Originally published in the North Lake Tahoe Bonanza, September 2010 (link) The new school year is off to a fresh start and like the beginning of the new year, this is a great time to make and strengthen health resolutions. The Latin quotation “mens sana in corpore sano” means a strong mind in a healthy body. There is no better time than when school starts in the fall to resolve to help our children achieve this. I'd like to focus on how we can best prepare our kids to get the most out of the school day in a healthy way.
A successful school day starts the night before. As adults we often find it hard to get enough sleep, and kids have greater requirements — the younger they are, the more they need. Kindergarten-aged children require 11-12 hours per night for optimum health. Skimping on sleep leads to decreased concentration and learning, along with health problems including increased susceptibility to infection and metabolic shifts that promote fat retention and obesity.
Help your kids get the sleep they need by setting clear bedtimes and minimizing stimulation in the preceding hours. It's important to wind down before sleep by avoiding sugar, caffeine (don't forget chocolate), bright lights, and other sensory stimuli. Making these changes in a household pattern will help your sleep, too.
In the morning, breakfast sets the tone for the whole day. Unfortunately, there's so much that needs to be done in the morning that it's easy to compromise on convenience over nutrition. Plan ahead to have quick options ready to supply a balance of protein and nutritious carbs. Eggs can be hard boiled and peeled in advance or cracked in a storage container with chopped veggies all ready to go for a speedy scramble. Have whole grain options available (not whole wheat — these are usually just refined white flour in faint disguise). Unsweetened low-fat yogurt or cottage cheese mixed with high-fiber fruits like apples and berries are also a great start. Make similar choices when planning lunches.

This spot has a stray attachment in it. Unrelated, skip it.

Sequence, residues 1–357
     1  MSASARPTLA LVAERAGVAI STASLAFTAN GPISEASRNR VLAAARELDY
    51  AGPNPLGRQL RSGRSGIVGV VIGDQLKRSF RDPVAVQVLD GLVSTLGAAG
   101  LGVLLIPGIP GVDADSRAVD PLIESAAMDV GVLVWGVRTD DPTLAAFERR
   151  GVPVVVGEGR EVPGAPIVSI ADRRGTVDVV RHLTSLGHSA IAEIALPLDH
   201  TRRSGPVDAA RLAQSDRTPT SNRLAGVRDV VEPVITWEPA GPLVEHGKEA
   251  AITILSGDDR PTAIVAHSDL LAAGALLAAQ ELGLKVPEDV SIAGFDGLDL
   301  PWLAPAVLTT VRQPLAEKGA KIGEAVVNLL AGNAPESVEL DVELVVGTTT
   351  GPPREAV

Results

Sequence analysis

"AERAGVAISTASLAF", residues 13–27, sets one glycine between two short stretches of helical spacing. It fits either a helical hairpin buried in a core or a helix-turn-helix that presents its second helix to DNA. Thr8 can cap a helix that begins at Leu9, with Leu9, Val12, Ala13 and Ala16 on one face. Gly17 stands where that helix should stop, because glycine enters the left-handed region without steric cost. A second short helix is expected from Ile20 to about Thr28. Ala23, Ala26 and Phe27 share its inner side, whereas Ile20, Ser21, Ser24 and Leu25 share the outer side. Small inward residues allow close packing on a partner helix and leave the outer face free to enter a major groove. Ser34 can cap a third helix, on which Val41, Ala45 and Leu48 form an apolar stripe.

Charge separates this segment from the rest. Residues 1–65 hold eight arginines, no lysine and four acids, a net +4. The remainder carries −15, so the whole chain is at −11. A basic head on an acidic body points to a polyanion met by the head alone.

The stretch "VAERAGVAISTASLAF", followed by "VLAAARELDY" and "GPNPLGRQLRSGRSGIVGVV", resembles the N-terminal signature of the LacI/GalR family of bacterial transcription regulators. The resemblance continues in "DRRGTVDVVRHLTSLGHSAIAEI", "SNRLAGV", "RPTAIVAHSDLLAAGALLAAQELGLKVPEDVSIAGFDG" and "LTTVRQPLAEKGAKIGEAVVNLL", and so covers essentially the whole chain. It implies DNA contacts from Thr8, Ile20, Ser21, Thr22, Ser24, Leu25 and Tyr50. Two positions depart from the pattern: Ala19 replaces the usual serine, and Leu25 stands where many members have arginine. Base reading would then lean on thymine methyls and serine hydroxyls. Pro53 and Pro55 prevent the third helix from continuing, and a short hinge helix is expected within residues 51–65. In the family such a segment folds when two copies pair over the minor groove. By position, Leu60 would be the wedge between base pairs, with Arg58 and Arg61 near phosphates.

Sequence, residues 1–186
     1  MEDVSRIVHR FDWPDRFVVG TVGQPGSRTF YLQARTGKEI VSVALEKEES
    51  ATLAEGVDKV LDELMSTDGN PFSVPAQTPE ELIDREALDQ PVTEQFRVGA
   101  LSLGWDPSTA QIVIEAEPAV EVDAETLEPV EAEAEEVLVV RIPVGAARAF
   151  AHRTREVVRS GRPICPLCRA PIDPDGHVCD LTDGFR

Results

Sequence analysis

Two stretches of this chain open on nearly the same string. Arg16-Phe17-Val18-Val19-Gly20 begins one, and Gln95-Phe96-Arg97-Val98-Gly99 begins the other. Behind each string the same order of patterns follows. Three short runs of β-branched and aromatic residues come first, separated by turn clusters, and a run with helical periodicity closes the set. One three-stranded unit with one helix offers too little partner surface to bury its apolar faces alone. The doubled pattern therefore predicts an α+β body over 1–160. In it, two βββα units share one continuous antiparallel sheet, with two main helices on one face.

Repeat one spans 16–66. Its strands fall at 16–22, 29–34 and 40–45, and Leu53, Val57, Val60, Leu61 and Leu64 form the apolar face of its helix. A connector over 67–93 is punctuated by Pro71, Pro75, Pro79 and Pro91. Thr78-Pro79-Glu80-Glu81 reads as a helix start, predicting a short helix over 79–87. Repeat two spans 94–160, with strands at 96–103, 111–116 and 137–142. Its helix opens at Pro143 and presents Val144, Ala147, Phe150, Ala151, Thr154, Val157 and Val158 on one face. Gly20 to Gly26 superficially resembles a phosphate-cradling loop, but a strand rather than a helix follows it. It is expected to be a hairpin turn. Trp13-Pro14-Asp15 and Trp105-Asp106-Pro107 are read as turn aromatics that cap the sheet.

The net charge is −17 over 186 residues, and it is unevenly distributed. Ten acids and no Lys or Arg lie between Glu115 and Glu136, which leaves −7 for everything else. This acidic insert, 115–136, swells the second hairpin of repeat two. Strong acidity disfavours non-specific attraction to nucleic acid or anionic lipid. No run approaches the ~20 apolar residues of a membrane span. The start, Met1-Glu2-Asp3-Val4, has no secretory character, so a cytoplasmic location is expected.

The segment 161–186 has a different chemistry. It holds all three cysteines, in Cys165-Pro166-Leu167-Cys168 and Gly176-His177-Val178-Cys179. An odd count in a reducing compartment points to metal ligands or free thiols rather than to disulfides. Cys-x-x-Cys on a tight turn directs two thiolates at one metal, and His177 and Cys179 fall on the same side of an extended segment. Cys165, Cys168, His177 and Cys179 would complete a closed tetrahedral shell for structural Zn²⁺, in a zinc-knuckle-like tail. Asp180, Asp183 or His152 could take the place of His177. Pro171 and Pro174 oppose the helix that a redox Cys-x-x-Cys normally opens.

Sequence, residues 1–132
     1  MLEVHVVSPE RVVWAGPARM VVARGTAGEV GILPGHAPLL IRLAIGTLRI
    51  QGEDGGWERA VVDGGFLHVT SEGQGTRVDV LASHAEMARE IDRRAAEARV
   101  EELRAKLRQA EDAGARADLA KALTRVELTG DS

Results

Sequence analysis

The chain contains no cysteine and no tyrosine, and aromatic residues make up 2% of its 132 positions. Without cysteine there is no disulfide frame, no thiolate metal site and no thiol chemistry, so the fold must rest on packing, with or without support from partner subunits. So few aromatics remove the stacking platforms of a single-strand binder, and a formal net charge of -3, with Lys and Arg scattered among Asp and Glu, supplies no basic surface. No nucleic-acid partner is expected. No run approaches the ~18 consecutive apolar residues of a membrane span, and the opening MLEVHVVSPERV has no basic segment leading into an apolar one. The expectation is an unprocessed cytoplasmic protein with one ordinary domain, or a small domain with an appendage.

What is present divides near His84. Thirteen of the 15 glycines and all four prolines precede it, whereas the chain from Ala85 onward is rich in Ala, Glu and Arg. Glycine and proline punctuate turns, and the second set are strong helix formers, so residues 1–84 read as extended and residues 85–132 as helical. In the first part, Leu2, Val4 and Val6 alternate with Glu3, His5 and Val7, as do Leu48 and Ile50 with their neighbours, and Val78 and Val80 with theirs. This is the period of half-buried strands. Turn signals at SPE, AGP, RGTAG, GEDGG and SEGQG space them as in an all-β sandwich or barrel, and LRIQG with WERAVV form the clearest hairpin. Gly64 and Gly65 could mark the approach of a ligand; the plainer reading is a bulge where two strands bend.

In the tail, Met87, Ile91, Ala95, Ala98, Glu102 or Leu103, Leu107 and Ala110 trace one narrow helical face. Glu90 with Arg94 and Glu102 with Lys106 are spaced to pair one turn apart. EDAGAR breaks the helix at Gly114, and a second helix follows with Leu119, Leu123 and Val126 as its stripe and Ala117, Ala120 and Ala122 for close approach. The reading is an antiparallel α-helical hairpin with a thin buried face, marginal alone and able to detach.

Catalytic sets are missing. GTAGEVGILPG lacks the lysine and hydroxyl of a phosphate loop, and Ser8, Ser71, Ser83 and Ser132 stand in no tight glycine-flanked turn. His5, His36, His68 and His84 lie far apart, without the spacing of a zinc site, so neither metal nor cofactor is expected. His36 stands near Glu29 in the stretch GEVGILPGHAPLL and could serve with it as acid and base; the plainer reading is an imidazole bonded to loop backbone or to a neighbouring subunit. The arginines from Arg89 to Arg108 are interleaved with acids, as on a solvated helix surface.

Sugars and other refined carbohydrates cause a quick insulin burst and subsequent crash. Both make it hard for your children and their teachers to have a productive morning. This pattern of insulin spike and crash is also highly associated with rising rates of obesity, insulin resistance, inflammatory conditions and diabetes.
Make sure your school has up-to-date emergency contacts, the name of your pediatrician and a full list of allergies and health issues.
It seems many kids are preparing for a polar expedition when loading up their backpacks. Help them weed out non-essentials and keep the total weight to under 15 percent of their body weight. Select a well-fitting pack with wide, padded straps. Encouraging children to wear both straps helps keep it safe, too. If this is too “uncool,” suggest your kids at least alternate which shoulder gets stuck doing the carrying to avoid stress to their neck, shoulders and back.
Finally, more important than anything else our kids carry with them is their attitude and expectations. Help support our schools and teachers by encouraging positive and healthy thoughts about the exciting school year ahead.
—Dr. Rebecca Gelber is an Incline resident and graduate of the Johns Hopkins School of Medicine. She practices locally at Tahoe Aesthetic and Integrative Medicine, 775-298-1750.